Vacuum cleaners can be used to eavesdrop, perform video surveillance, and steal private data
Positive Technologies specialists Leonid Krolle and Georgy Zaytsev have uncovered vulnerabilities in Dongguan Diqee 360 robotic vacuum cleaners. The security issues, found on Dongguan Diqee-branded vacuums, likely affect those made by the company and sold under other brands as well.
Leigh-Anne Galloway, Cyber Security Resilience lead, described the causes and consequences: "The majority of owners of IoT devices would not consider their items a security risk, although they could constitute a major vulnerability, which is why this discovery is key to drawing attention to the threats posed by IoT devices in general as well as this specific device. Like any other IoT device, these robot vacuum cleaners could be marshalled into a botnet for DDoS attacks, but that's not even the worst-case scenario, at least for owners. Since the vacuum has Wi-Fi, a webcam with night vision, and smartphone-controlled navigation, an attacker could secretly spy on the owner."
The first vulnerability, CVE-2018-10987, involves remote code execution. An attacker can discover the vacuum on the network by obtaining its MAC address and send a UDP request, which, if crafted in a specific way, results in execution of a command with superuser rights on the vacuum. The vulnerability resides in the REQUEST_SET_WIFIPASSWD function (UDP command 153). To succeed, the attacker must authenticate on the device—which is made easier by the fact that many affected devices have the default username and password combination (admin:888888).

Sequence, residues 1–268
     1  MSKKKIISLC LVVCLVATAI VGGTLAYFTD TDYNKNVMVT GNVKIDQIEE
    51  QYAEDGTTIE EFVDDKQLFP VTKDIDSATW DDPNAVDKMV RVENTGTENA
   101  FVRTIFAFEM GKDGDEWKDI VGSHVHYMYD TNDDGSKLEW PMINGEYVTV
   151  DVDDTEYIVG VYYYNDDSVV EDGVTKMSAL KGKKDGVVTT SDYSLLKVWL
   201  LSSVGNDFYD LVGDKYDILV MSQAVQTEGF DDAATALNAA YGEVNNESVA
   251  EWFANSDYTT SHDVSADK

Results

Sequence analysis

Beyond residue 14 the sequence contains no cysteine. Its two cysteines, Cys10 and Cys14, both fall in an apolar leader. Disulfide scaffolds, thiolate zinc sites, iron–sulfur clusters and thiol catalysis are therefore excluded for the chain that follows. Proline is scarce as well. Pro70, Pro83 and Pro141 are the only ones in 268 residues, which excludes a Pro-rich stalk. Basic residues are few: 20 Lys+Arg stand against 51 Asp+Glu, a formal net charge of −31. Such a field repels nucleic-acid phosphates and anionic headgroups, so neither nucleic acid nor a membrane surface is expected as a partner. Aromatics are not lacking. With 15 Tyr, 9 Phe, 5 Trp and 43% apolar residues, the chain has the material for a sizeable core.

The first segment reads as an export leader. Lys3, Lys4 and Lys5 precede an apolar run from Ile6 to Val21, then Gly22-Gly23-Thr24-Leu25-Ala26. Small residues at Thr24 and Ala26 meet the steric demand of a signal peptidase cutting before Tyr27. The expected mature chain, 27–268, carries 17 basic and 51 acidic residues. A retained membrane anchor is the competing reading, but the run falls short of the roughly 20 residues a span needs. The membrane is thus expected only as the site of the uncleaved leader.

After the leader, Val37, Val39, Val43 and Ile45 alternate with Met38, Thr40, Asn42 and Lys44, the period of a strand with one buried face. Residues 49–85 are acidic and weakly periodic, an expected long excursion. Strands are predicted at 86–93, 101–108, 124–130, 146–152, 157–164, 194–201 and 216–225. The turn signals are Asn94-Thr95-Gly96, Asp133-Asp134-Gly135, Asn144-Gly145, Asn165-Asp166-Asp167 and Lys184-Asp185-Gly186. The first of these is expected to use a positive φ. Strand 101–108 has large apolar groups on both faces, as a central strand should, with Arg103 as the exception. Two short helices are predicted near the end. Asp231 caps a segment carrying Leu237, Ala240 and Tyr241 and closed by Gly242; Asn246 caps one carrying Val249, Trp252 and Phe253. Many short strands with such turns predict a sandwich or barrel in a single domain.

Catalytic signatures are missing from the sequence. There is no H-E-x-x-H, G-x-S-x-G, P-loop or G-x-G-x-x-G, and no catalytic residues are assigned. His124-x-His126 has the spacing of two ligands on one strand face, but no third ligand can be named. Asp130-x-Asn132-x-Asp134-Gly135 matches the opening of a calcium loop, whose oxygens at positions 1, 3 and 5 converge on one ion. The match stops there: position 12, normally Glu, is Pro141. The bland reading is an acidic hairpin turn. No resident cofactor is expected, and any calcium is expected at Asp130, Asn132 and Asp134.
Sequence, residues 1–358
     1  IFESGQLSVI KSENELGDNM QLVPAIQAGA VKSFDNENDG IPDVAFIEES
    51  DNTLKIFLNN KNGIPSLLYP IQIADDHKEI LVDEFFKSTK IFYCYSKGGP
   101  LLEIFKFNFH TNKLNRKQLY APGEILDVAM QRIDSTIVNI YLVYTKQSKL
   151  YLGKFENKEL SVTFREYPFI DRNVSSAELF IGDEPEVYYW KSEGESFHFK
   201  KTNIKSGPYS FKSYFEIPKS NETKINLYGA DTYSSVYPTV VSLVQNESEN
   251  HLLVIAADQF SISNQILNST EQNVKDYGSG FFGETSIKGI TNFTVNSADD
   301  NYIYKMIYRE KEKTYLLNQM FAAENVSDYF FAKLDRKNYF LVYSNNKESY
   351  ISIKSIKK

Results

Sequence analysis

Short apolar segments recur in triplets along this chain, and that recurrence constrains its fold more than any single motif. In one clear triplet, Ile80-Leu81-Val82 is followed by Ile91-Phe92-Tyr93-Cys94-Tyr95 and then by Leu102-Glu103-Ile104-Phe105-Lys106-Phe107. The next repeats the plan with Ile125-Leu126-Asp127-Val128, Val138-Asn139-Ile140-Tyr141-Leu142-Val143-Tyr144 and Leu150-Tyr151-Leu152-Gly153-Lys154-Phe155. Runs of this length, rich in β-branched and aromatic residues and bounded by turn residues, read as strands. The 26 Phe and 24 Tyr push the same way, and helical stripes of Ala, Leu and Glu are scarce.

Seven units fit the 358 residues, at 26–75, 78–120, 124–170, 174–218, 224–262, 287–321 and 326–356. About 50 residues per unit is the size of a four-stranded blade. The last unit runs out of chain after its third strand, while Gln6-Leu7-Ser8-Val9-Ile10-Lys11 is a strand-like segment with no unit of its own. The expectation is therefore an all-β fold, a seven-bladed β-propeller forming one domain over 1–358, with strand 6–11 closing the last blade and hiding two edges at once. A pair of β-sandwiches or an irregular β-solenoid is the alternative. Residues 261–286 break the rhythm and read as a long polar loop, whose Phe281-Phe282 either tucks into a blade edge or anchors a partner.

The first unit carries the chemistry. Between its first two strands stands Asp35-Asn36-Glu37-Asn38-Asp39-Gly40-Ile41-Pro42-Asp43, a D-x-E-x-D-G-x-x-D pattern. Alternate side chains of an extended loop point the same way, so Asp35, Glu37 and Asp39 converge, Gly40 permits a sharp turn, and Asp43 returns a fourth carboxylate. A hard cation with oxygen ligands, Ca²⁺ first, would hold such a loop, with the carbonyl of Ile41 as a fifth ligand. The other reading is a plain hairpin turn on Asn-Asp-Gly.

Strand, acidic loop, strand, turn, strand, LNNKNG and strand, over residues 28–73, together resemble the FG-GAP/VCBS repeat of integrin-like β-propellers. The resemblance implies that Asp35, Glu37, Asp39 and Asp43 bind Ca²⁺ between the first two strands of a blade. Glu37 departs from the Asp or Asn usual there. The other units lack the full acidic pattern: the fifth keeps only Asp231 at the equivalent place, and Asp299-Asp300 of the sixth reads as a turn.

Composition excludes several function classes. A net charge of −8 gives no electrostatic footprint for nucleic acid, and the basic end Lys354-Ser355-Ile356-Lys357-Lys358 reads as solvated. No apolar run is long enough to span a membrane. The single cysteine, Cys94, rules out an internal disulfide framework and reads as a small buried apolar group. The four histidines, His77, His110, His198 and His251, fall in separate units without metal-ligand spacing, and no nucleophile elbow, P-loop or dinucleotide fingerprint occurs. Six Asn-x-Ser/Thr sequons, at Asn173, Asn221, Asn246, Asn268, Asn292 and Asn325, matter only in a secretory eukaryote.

Attackers need physical access to exploit the second vulnerability, CVE-2018-10988. A microSD card could be used to exploit weaknesses in the vacuum's update mechanism. After the card is inserted, the vacuum update system runs firmware files from the upgrade_360 folder with superuser rights, without any digital signature check. Therefore, a hacker could create a special script, place it on a microSD card in the upgrade_360 folder, insert this card, and restart the vacuum. This script could run arbitrary code, such as a sniffer to intercept private data sent over Wi-Fi by other devices.
As stated by the researchers, these vulnerabilities may also affect other IoT devices using the same video modules as Dongguan Diqee 360 vacuum cleaners. Such devices include outdoor surveillance cameras, DVRs, and smart doorbells.
This is not the first IoT device vulnerability discovered by Positive Technologies. In 2017, the company discovered a critical vulnerability in the firmware of Dahua IP cameras, which are widely used for video surveillance in banking, energy, telecommunications, transportation, and smart homes. Attackers could have exploited the vulnerability to intercept and modify video traffic from an enormous number of IP cameras worldwide.